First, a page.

The base of the cheesecake filling is a combination of Greek yogurt and Greek yogurt cream cheese. Greek yogurt cream cheese has fewer calories and more protein than regular cream cheese, but it still has the same iconic taste. I found mine at Safeway (their own Lucerne brand), and some Walmart stores carry the Greek Mountain Farms brand, too. Remember to buy the brick-style block, not the tub!
Note: If you can’t find Greek yogurt cream cheese, substitute Neufchâtel cream cheese (⅓-less fat) instead.
The cheesecake is sweetened with one of my new favorite products: liquid stevia. Stevia is a plant-based, no-calorie sweetener that’s clean eating friendly. It’s a much more concentrated sweetness compared to regular sugar, so a little goes a long way! I love this one because it has a lovely sweet flavor, and I don’t notice any strange aftertaste. I’ve found it at many health-oriented grocery stores, but it seems like it’s the cheapest online. (← That’s the best price I’ve found, and you’ll use liquid stevia in all of these recipes of mine too!!)
And of course… You can’t have pumpkin cheesecake bars without the pumpkin! You’ll need regular ol’ pumpkin purée, not pumpkin pie filling. The latter contains refined sugar, which we’re avoiding in this healthier recipe! To round out the cozy fall flavors, you’ll also mix in the best trio of spices: cinnamon, nutmeg, and ginger.
Like with regular cheesecake, you’ll bake these bars low and slow at 300°F. However, they bake much faster than traditional larger round ones, and they’re done after just 20 minutes! It’s really important to let them cool completely before covering them with plastic wrap and chilling for 3 hours. The chilling allows the bars to set, which creates the best texture, as well as gives the spice flavors time to meld.
Now who’s ready for dessert?? And when you make your own, remember to snap a picture and share it on Instagram using #amyshealthybaking and tagging @amyshealthybaking IN the photo itself! (That guarantees I’ll see your picture! 🙂 ) I’d love to see your healthy pumpkin cheesecake bars!
Healthy Pumpkin Cheesecake Bars
FOR THE CRUST
- 2 ½ cups (75g) brown rice cereal
- 2 tbsp (26g) Truvia
- 1 tbsp (14g) unsalted butter, melted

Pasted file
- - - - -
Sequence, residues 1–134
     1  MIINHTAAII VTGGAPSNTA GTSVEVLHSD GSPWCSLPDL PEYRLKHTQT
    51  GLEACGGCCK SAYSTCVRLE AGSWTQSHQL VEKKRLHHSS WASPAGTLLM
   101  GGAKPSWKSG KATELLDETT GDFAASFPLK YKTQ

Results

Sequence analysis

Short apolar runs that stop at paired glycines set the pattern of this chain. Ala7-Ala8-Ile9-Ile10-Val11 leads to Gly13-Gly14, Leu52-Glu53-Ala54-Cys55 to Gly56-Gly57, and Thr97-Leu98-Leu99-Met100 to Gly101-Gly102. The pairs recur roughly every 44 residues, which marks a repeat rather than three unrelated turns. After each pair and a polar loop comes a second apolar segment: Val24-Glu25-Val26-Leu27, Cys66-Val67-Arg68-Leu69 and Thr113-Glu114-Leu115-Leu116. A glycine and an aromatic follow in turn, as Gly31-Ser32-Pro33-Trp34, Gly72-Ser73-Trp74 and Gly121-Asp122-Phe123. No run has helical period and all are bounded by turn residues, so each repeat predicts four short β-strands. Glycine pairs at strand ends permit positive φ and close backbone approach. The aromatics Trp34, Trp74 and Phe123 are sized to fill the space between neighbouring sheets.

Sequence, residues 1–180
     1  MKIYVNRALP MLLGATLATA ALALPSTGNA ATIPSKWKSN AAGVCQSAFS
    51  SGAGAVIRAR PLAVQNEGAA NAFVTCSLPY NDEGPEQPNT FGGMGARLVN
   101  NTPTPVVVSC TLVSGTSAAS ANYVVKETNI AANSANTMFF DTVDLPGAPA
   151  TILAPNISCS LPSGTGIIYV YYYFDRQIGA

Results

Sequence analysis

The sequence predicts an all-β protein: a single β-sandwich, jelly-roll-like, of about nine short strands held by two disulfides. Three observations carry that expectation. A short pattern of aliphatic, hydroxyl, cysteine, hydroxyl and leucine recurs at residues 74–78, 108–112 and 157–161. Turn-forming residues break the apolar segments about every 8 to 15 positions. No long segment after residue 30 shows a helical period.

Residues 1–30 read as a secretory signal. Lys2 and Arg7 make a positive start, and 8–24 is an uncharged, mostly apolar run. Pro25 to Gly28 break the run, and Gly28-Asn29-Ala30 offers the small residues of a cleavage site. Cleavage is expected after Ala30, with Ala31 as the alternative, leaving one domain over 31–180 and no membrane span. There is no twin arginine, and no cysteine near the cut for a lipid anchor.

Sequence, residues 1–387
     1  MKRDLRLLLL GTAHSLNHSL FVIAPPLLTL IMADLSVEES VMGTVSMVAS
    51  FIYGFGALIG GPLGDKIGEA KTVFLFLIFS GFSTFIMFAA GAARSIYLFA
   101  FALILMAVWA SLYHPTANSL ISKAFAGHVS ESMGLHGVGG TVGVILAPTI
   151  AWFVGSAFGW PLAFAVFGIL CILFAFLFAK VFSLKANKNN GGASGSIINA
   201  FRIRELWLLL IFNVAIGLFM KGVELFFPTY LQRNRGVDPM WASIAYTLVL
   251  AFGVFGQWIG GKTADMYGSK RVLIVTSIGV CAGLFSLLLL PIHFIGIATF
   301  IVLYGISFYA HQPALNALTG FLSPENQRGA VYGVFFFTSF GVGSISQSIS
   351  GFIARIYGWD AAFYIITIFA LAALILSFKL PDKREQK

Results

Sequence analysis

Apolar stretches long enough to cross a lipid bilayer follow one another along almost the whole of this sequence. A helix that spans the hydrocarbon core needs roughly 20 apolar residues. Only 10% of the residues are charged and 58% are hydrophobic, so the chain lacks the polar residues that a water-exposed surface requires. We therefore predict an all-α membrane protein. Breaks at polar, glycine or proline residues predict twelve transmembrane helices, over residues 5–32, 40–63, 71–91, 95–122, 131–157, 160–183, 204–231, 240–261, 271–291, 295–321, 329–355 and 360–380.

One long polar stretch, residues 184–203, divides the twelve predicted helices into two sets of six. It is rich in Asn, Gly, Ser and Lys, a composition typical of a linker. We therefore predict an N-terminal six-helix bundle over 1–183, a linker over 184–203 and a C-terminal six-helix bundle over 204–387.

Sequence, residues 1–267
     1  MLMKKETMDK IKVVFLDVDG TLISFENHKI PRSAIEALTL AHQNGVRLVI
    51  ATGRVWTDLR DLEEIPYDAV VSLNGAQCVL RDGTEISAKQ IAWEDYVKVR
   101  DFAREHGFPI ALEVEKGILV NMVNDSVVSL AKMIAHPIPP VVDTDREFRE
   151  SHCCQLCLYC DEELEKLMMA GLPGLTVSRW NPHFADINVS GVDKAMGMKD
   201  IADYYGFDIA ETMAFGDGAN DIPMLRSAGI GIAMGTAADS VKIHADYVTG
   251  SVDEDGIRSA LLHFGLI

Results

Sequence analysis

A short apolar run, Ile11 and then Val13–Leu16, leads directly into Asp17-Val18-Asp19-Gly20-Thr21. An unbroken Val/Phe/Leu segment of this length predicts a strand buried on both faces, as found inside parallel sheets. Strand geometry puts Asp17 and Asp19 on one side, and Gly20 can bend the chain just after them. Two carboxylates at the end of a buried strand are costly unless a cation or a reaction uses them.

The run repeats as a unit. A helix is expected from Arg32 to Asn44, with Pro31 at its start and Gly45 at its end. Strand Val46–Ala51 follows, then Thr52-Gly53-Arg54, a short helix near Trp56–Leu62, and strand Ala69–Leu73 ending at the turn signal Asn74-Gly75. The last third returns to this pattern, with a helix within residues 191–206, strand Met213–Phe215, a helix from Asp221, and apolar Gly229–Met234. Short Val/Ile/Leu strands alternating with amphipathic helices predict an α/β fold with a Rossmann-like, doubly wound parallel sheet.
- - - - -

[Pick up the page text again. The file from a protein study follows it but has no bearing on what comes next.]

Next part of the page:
- 5 tbsp (75mL) nonfat milk, room temperature
FOR THE FILLING
- 1 (8oz) block Greek yogurt cream cheese, softened
- 1 cup (240g) plain nonfat Greek yogurt
- ¾ cup (183g) pumpkin purée (NOT pumpkin pie mix!)
- ¾ tsp liquid stevia
- 1 large egg white, room temperature
- 1 tsp cornstarch
- 1 tsp ground cinnamon
- ¼ tsp ground nutmeg
- ¼ tsp ground ginger
- 1 tsp vanilla extract
- Preheat the oven to 300°F, and coat an 8”-square baking pan with nonstick cooking spray.
- To prepare the crust, add the cereal to a food processor or blender, and pulse until the cereal turns into fine crumbs. Transfer to a bowl, and stir in the Truvia. Mix in the butter and milk until all of the cereal mixture is completely incorporated. Gently press the mixture into the prepared pan. Bake at 300°F for 18-21 minutes or until it feels dry to the touch. Cool completely to room temperature.
- To prepare the filling, beat the cream cheese and Greek yogurt in a medium bowl until smooth. Mix in the pumpkin purée and stevia. Mix in the egg white, stopping when just incorporated. Mix in the cornstarch, cinnamon, nutmeg, ginger, and vanilla until just incorporated.
- Spread the filling on top of the cooled crust. Bake at 300°F for 18-22 minutes or until the center barely jiggles when the pan is gently shaken. Cool completely to room temperature in the pan before covering with plastic wrap, ensuring that the plastic wrap completely touches the tops of the cheesecake bars. Chill for at least 3 hours before slicing and serving.
View Nutrition Information + Weight Watchers Points
I am fascinated by the crust you came up with and love your creativity!! Can’t wait to give it a try!
You’re just the sweetest, Jane!! That truly means a lot, especially coming from you! ♡ It’s such a fun and easy way to make a naturally gluten-free cheesecake crust. Much easier than hunting down gluten-free graham crackers — although I’m sure you’re a pro at that! 😉